HIERARCHIES, NETWORKS, AND MARKETS
In a market each element (individual, firm) pursues its own interest and the interaction between elements produces a collective outcome--the market coordinates the separate activities. Coordination by hierarchy is different in that the actions of similar elements (individuals, firms) are to some extent constrained. Hierarchy presupposes an already determined outcome or purpose; the underlying idea of hierarchy is that such an outcome can be broken down into a set of sub-processes. So hierarchy depends upon ideas of organization, task specialization and rationality. ( Mitchell, 1991, p. 104)
Communication structure research, which encompasses hierarchies, markets, and networks, has always been a central area of organizational communication inquiry. Structure has five central dimensions: relationships, entities, configurations, context, and temporal stability ( Johnson, 1993a). Hence, the following definition of structure: "Organizational communication structure refers to the relatively stable configuration of communication relationships between entities within an organizational context" ( Johnson, 1992, p. 100). Structure provides the basic framework within which information seeking can occur in organizations.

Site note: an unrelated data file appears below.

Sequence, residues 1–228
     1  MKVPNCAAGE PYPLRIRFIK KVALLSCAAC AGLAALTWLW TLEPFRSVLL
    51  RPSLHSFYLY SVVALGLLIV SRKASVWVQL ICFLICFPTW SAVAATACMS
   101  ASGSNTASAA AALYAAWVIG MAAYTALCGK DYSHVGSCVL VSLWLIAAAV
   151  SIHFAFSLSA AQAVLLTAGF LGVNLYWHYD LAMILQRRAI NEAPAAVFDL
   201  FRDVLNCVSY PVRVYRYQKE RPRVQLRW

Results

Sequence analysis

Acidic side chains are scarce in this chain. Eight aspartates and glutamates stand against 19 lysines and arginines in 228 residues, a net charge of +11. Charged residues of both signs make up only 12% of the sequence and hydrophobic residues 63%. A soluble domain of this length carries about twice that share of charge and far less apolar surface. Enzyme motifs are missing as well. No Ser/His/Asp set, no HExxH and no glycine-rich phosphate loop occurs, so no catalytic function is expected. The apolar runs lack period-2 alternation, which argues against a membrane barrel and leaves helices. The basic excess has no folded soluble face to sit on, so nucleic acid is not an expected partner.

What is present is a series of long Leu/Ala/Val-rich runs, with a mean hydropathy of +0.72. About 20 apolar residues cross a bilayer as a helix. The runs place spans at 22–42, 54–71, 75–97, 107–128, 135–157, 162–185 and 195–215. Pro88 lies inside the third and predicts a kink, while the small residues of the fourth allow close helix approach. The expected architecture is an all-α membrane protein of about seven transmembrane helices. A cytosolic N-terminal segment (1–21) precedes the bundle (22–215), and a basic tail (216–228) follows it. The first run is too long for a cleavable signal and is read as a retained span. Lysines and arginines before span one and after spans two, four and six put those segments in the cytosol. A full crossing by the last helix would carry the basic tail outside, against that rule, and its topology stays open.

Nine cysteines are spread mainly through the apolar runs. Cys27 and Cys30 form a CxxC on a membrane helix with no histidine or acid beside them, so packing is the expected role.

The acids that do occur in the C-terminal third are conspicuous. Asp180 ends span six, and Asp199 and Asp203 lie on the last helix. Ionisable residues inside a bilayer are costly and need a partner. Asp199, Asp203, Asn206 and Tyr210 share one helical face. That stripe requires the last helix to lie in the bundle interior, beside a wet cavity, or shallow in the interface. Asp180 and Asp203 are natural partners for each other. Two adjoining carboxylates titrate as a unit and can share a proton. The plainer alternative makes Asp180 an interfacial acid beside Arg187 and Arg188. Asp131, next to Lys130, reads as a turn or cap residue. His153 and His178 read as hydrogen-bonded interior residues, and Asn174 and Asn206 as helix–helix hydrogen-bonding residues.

As an example, let us look at the formal and informal communication structures of Conundrum Corporation found in Figures 2.1 and 2.2. The organizational chart in Figure 2.1 specifies the formal division of roles and the official relationships within this organization. Following the formal organizational chart, there are official rules and protocols governing the seeking and giving of information. If the Vice President of Staff Services (#3) wanted information concerning the future supply needs of Group 2 of Product A, s/he would know where the information could be found and would channel his/her request through managers 1, 2, and 4. Needless to say, this would be cumbersome